Post Number: 495
|Posted on Sunday, August 21, 2005 - 4:36 pm: |
Strobe tuners came up several times in a discussion on intonation, and rather than hijack that thread (more importantly, to stay on Dave's good side <g>) I thought a separate thread might be a good idea. There are also some relevant comments in a more general discussion of tuning techniques from about a year ago - apparently before SOM picked up his Peterson.
Picking up where we left off, son_of_magni was saying,
"The VS-II is a digital model. I've never used them but I have my doubts that they are as good as the analog type. Mine is a Peterson R450 which I really like. Peterson is probably the preferred brand in general, though I think the old Conn's are just as good."
I was a bit skeptical of the digital display myself, but not after trying it. I'm delighted with my V-SAM, though I haven't tried one of their higher end models for comparison.
They claim the same accuracy (1/10 of a cent) for all their tuners, and I see no reason to doubt it. I just did a little experiment. I started holding my bass (not strapped) in close to playing position, with the surface of the body perpendicular to the floor, but the neck horizontal (3:00). While playing an open string, and rotating the body around the neck axis by less than ten degrees, I could clearly watch the display go sharp and flat just by virtue of gravity pulling on the neck. Seriously - that's like just leaning backward or forward a little. Try that with your typical needle tuner, or even a Korg rackmount (with 1 cent accuracy).
I think they did a superb job of implementing the display, and find it very easy to read. There are some comments out there from people who claim it's hard to use, takes them forever to "chase the strobe" - and all I can conclude is that they just haven't adjusted to how incredibly sensitive it is.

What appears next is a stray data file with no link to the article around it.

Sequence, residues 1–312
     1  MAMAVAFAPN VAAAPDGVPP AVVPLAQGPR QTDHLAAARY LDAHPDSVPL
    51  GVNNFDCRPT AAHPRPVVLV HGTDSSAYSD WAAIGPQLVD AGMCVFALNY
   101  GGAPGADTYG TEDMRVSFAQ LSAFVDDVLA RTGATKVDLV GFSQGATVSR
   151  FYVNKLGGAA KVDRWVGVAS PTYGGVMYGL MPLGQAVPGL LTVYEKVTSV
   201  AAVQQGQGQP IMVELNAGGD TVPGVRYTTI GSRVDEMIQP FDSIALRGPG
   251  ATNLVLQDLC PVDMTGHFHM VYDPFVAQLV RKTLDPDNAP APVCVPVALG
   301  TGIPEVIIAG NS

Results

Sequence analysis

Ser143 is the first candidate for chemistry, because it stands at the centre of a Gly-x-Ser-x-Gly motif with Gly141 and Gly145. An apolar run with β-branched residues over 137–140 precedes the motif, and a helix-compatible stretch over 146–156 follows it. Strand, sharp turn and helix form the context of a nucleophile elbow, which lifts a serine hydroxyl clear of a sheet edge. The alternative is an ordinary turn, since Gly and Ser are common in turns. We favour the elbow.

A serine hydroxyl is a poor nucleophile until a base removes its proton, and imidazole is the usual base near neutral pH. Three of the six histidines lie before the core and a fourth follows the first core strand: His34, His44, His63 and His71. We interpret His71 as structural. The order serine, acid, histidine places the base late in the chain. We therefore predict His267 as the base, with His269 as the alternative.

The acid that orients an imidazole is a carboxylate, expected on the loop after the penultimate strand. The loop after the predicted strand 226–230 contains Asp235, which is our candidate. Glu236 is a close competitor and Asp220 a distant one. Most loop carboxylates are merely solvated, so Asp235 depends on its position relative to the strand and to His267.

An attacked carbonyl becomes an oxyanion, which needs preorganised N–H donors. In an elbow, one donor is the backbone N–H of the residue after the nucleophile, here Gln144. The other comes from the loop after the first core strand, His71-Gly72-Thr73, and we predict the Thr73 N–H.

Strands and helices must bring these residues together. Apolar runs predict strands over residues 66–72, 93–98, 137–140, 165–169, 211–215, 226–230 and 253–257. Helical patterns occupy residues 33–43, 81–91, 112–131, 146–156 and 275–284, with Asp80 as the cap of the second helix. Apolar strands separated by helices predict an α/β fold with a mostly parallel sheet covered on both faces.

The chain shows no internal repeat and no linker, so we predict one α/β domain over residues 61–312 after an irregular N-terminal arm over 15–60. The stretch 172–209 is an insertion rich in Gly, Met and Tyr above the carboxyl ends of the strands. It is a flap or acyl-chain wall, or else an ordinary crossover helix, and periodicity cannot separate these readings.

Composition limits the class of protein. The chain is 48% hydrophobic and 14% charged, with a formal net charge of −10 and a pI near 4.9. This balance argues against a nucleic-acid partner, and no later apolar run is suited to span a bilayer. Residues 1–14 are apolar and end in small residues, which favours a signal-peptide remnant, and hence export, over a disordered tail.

You can buy a new VS-II or V-SAM for $220-240 (same tuner, but differences in other features), but if you want a non-digital display or maybe a rack mount unit, then it's a pretty big jump to $450 or more. You'd also need one of the high end models for stretch tuning of pianos, though I think (not certain) the VS models may come with more built in tunings for guitarists and such. Depends on your budget and needs.
If you consider either of the VS models, take a careful look at the feature differences - you have to dig pretty deep to find all the details. Aside from the obvious stuff (SAM has metronome and tone generator features), as I recall the II had an inline tuning mode with bypass that the SAM does not.
The thing that swayed me to the SAM is that when you set the reference pitch, e.g. to A=440, then A stays at 440 as you switch to different tunings or temperaments. In contrast, the II sort of figures out where C would be relative to your selected reference (I forget what temperament it uses), and then holds C constant as you change tunings/temperaments (i.e. A does not remain at 440).
They did this because a lot of people who use weird (er, alternate) tunings seem to prefer it this way, but that's not what I wanted. Your choice.
My only negative comments are that the manual is poorly written, and the user interface could perhaps be a bit more intuitive (aside from the strobe display itself), so it takes half an hour or so of experimenting to figure out the controls. Also, some of the buttons feel a little cheesy.